The Shroudies object that the image is too vague to be just for display. But what right have they to say that when they don’t know the circumstances in which it was produced? Perhaps the Church stole it from the makers before it was finished. Anything could have happened. And the image can be seen okay if you stand far from it so it sufficed as a display of Jesus. It might have been the best the forgers could do. If it had been too plain to the sight it would have been harder to palm off as a real relic for it would have seemed too much like an artwork or a drawing. The vagueness of the image close up adds to its attractiveness and mystery.
Chemical by-products cause some features but these could have been washed out of the Shroud. Washing the image would have ensured that the strongest image would have been on the surface fibres of the cloth and the weakest would have been underneath and been washed away. It would fade away in time. Time is what makes the shroud a puzzle - nothing else. We cannot replicate the shroud exactly because we cannot know exactly what it went through since its origin.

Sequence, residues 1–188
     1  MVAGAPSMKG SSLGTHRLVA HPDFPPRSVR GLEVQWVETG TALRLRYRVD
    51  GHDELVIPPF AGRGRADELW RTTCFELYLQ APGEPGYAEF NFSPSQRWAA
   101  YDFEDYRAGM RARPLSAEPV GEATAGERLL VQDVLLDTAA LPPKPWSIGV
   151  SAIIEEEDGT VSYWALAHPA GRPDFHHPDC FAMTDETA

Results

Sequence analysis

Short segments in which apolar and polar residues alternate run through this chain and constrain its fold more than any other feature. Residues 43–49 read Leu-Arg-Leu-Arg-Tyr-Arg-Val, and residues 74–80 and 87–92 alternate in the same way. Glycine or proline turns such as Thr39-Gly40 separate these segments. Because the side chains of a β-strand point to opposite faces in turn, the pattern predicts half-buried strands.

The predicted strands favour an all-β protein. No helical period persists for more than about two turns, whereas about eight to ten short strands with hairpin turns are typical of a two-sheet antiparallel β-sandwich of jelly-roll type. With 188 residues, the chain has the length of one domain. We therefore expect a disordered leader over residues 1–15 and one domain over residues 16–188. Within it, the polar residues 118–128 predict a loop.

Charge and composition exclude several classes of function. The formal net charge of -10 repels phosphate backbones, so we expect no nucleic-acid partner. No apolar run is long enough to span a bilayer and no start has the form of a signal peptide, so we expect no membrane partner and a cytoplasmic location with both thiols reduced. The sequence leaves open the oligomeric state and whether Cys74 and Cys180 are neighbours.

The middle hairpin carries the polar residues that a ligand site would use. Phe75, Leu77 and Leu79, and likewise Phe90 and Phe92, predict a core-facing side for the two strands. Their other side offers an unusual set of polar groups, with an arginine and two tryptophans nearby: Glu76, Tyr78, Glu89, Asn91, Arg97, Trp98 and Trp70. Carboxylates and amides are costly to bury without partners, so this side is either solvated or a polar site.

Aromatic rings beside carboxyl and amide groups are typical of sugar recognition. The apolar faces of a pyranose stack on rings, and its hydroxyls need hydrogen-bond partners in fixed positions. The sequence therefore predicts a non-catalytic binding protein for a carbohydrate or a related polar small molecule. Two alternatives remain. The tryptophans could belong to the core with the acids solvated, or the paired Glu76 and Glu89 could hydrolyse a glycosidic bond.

Some say using a hot metal relief image to scorch the image on is a possibility. The image does not go down further than the top threads of the cloth which suggests to some that it was burnt on by the sun and is a kind of scorch.
It is claimed that burns fluoresce unlike the image of the Shroud indicating that it is not a scorch mark. Plus when the image is so faint it would be hard to tell if the image could or could not fluoresce. It is centuries since the scorch was made and that is not to be forgotten.
Others worry that the scorches on the cloth from the 1532 fire fluorescence while the shroud image does not. This tells against it being a scorch. It is worth noting that the view of some that the image was formed by miraculously caused radiation is nonsense. "No known radiation [is] capable of achieving the shallow penetration of the images" (Christianity in the Light of Science). Again there is no fluorescence which would be there if radiation did the scorching. And the radiation would have to be strong but in that case it would have ruined the cloth. I prefer the view that it might be a scorch but a scorch that is not like the usual kind. The mechanism involved more than heat but also chemical changes. That could explain the non-fluorescing.
It has been proven that images as good as if not better than the Shroud can be made by primitive photography to mention one out of a number of methods.